db-derby-dev mailing list archives

Site index · List index
Message view « Date » · « Thread »
Top « Date » · « Thread »
From Jack Klebanoff <klebanoff-de...@sbcglobal.net>
Subject Re: About improvement of DERBY-134
Date Sat, 12 Mar 2005 00:34:45 GMT
Jeremy Boynes wrote:

> Jack Klebanoff wrote:
>> 1. sqlgrammar.jj. I think that creating a new method,
>> isNonReservedKeyword() to determine whether a token is a non-reserved
>> keyword or not, is a maintenance problem. Whenever we add a new
>> non-reserved keyword we must add it to the list of tokens, to
>> nonReservedKeyword(), and now to isNonReservedKeyword(). Having to add
>> it in two places is difficult enough to discover or remember. If we need
>> isNonReservedKeyword then we should find a way of combining
>> nonReservedKeyword and isNonReservedKeyword so that only one of them
>> keeps the list of non-reserved key words.
>> It is not necessary for the parser to recognize 3 cases of ORDER BY sort
>> key type. A column name is just one kind of <expression>. If the parser
>> treats it as an expression we should still get the right ordering. I
>> think that it would better if the parser did so. The OrderByColumn class
>> can special case a simple column reference expression, as an
>> optimization. This considerably simplifies parsing sort keys.
>> The only sort key type that has to be handled specially is that of an
>> integer constant. That specifies one of the select list columns as the
>> sort key. This case can be recognized in the parser, as is done in the
>> patch, or it can be recognized in OrderByColumn. In this alternative the
>> parser always creates OrderByColumn nodes with the sort key given by an
>> expression (a ValueNode). At bind time OrderByColumn can determine
>> whether the sort key expression is an integer constant, and if so treat
>> it as a column position.
>> The two alternatives differ in the way that they treat constant integer
>> expressions like "ORDER BY 2-1". The patch orders the rows by the
>> constant 1, which is not usefull. With the patch "ORDER BY 2-1 ASC" and
>> "ORDER BY 2-1 DESC" produce the same ordering. If OrderByColumn treated
>> an integer constant sort key expression as a result column position then
>> "ORDER BY 2-1" would cause the rows to be ordered on the first result
>> column, which I think is more usefull.
> From the SQL spec, the <sort-key> is simply a value expression 
> evaluated for each row. Hence "ORDER BY 2-1" means that all rows are 
> peers and the ordering is implementation-dependent.
> I think allowing the value-expressions to evaluate to column position 
> is potentially confusing. For example, suppose you have "ORDER BY ?" - 
> do we order by the supplied value (which would be the same for all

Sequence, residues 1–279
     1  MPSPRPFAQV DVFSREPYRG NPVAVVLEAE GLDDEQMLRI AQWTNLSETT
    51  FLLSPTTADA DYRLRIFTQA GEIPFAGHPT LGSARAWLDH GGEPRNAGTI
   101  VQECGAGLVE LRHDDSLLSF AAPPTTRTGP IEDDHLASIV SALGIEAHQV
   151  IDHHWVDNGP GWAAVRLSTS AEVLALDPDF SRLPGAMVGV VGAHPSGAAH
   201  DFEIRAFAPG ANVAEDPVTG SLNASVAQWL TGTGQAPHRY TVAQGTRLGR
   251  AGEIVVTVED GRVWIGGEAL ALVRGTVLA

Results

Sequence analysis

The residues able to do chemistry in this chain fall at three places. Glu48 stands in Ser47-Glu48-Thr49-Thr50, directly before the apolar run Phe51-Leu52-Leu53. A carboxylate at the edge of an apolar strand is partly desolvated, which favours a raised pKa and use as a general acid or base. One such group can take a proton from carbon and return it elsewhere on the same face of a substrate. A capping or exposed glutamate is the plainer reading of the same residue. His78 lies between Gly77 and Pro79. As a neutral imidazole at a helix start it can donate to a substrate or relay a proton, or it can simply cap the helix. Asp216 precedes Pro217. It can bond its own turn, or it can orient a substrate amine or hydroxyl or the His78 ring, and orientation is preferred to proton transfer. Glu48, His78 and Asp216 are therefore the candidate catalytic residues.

> rows making the actual ordering implementation-dependent) or do we 
> order by the column position (with the potential need to re-select 
> indexes used to assist in ordering).
> I believe it is simple and SQL-compliant to have very simple rules here:
> 1) if all <sort-key>s are integer literals, then sort by the column
>    position they imply. This is SQL-compliant as the comparison criteria
>    for each row will be the same, making all rows peers and the actual
>    order implementation dependent (we just define ours as using the
>    appropriate column value).
> 2) if any <sort-key> is not an integer literal then we treat all of them
>    as <value expression> and compare rows accordingly.
> -- 
> Jeremy
I think that most people would be surprised to find that "ORDER BY 1 + 
1" behaves differently than "ORDER BY 2". I also think that it is 
simpler for us to treat all integer constants the same. It is hard to 
get the parser to distinguish between a literal constant and a complex 
expression that starts with an integer literal. That is why Tomohito 
Nakayama needed to use complex lookahead in his parser change.

I think that it is better to distinguish between integer constants and 
other expressions in the OrderByColumn class. ValueNodes have 
isConstantExpression(), getTypeID(), and getConstantValueAsObject() 
methods that OrderByColumn can use to see if the expression is an 
integer constant and, if so, what the value is. OrderByColumn can test 
whether the order by expression is an instanceOf ColumnReference or 
ResultColumn to special case a simple column reference. This simplifies 
the parser significantly and causes us to treat "ORDER BY 1 + 1" the 
same as "ORDER BY 2".

I don't feel strongly enough about this to block a patch that is well 
tested and otherwise works correctly.

Jack Klebanoff

View raw message